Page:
I called one of the numbers and got his friend Jim, who told me that Alvin had attacked the actor again — rather, he had frightened him badly, since his only weapon had been a blunt butter knife. Sterling silver, said Jim, as if that was an important point. Alvin had lurked, he said, outside the theater where the man was appearing in a play, and after the show, when the actor came out with a group of friends into the alley, Alvin had leapt at him and shouted and shoved him and made slashes in the air.
“Were they still quarreling about the same boy?” I asked.
“What boy? No, Dominique says it’s a textbook case of actor’s jealousy — Gordon is doing very well you know.”
I didn’t know. I surmised Gordon was the other actor, I had no idea who Dominique was, and I did not really want to visit Alvin.
“I suppose it’s not ok to see him — ?”
“My dear you know he’s harmless. Also they’ve sedated him of course. But don’t bring him cigarettes — he’s got bronchitis.”
I went to Sherman’s on Columbus Circle and bought their most expensive brand of English imports — something called Gule & Pine’s Finest Filterless. And I took the very long subway and bus ride out to St. Rita’s. The Psychiatric Ward was housed in its own red brick building, and looked a lot like a small prison, with grates over the windows. It smelled inside — of mold overlaid with disinfectant, and vaguely of pee. I signed in at the lobby desk, then on the third floor, amid ceaseless yellow walls and grey tile, I was asked again for identification, was signed in again by a guard who wore a pistol in her holster, and then buzzed into the ward. Now it looked more like a hospital, though not a particularly clean one. Past the waiting area, made uninhabitable by the blare of a TV set, I saw patients pacing, heard moans and a shout. The nurses ignored me. A small grinning woman in a shawl tried to catch my eye.
Alvin’s room was dim and private — at least, the other bed was stripped and unoccupied. He wore a dark plaid flannel robe and sat in a chair next to his bed. His thick silver hair was combed but looked too long and a little greasy. He rose up slowly and uncertainly, and embraced me in a courtly way as I put the cigarettes into his hand. “My dear — ” he said, choking.
By reaching our fingers through the wire and bars, we were able to loosen one of the windows in its frame.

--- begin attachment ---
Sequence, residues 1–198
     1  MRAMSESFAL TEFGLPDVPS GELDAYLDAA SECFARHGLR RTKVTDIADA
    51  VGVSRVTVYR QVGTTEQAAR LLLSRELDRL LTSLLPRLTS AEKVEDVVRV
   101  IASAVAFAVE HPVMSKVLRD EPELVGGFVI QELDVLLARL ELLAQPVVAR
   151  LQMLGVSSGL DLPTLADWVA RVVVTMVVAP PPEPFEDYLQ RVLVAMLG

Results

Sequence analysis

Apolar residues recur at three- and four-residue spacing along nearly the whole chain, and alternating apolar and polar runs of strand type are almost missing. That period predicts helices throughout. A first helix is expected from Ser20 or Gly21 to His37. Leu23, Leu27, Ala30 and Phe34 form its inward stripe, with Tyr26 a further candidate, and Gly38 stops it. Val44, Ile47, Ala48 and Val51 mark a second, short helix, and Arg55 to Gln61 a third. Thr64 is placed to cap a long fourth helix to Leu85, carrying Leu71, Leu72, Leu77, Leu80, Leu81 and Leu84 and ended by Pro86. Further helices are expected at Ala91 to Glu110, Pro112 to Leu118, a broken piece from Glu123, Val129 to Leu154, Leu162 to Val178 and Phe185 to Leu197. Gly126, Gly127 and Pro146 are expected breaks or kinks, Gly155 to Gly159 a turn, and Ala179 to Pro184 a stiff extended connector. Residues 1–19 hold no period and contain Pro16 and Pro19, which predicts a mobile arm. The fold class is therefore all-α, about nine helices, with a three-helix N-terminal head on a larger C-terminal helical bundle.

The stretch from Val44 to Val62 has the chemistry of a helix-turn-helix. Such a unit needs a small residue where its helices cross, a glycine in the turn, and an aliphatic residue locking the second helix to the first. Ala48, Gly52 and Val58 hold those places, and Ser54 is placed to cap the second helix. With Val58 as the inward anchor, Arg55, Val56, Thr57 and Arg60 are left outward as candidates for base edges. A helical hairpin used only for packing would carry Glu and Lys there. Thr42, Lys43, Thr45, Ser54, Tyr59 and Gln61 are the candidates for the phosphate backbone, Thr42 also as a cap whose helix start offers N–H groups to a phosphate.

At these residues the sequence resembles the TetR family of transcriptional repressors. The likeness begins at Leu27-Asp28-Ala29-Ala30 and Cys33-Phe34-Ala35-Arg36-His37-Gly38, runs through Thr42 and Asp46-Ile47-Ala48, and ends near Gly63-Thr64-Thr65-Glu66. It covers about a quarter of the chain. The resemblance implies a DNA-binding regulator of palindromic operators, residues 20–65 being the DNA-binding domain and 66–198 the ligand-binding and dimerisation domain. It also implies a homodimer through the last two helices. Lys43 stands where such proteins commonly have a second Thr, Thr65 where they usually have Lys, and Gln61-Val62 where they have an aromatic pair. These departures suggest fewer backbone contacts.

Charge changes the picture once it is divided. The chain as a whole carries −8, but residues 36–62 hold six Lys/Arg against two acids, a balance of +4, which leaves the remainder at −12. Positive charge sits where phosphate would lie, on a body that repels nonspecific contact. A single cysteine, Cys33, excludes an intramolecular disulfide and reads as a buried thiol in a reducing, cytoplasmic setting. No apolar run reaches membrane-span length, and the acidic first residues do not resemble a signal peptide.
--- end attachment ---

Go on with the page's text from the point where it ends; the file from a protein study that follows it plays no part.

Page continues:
“Let’s be very grateful this place is so decrepit,” he said, shoving the window up about six inches.
We pulled his chair up and I found a footstool. Huddled at the window, we lit and puffed.
“I don’t smoke, you know,” I said.
“Neither do I,” he said.
I watched him feel the satisfaction of smoke going into his lungs, his bloodstream — he swung his head back a little when it hit him. I let him have a few drags in peace, then I asked what I was longing to know:
“A butter knife?”
“Ambivalence,” he said, as if reciting. “A pistol that fires blanks, then a knife that has no edge. I am gesturing merely, enacting, or rather play-acting, my murderous idée.”
“That’s pretty nuts.”
“Gordon Wallace deserves to die — but fortunately for him I can’t quite do it. I scared him shitless, though, which is some satisfaction.”
“Over that boy? The bartender?”
“I think,” said Alvin, “that I can only explain it thus: Gordon has come to represent, to embody, my grievances. He reminds me of every slight, every failure in commerce, art, or love that I have endured. I don’t have to think of my father, or that I never played Hamlet — not even in school! — or Tom in Menagerie or even a romantic lead since I was in my twenties. Character parts, what a horrible fate.”
“People don’t try to kill other people over Hamlet,” I said.
“My dear, you ignorant thing. Of course they do. And Gordon is all the love affairs and pilots and film projects and summer plans that went sour… .”
“I have a simpler strategy. I just stopped watching television.”
“When I hate Gordon, I don’t have to hate anything else. It’s just like consolidating your debts — just one whopping debt you have to pay off, one creditor.”
“Is it working? Have you stopped thinking about those other things?”
He threw the tiny stub of his cigarette out the window. “Yes, mostly, I just hate Gordon. Grievance Consolidation, I could write a book on it… . And darling — … ”
It seemed he had forgotten my name. “Sarah,” I said, standing and getting ready to leave.
“I knew that. Sarah darling, would you do me another enormous favor? Would you bring me — or send me, I think it would make it through the mail inspector — a photo of Gordon? They won’t let me use the internet, it’s even worse than Hold-It House… .”
I leaned over and kissed him and tried once more to convey my own new truth: “I mean it. Not watching TV has saved my life.”
He smiled with effort and waved as I left.
I went to see Gordon Wallace in his current play. He was great — funny, subtle, touching. I decided to write an article about him for my magazine. And I found several images of him on the internet. I downloaded and printed the most handsome, of Gordon Wallace as Uncle Vanya from the previous year at the Classics Warehouse, in which he had played the part wearing an eye-patch. I sent the photo to Alvin and I have not heard from him since.